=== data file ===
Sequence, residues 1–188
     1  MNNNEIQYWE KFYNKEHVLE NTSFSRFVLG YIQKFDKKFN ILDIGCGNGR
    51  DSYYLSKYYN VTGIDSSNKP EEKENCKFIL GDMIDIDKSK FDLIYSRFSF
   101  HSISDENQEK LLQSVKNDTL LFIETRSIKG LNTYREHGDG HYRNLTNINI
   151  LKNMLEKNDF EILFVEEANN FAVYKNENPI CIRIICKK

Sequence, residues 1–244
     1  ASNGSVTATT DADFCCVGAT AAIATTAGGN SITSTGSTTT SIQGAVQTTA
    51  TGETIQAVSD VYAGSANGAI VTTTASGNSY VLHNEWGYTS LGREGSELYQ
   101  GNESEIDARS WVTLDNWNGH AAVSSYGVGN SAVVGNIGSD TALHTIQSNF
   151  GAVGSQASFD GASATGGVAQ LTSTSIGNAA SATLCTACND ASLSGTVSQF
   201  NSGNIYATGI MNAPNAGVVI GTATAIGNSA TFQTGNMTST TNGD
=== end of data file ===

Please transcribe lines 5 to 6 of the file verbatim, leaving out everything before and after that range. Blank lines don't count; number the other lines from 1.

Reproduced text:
   151  LKNMLEKNDF EILFVEEANN FAVYKNENPI CIRIICKK

Sequence, residues 1–244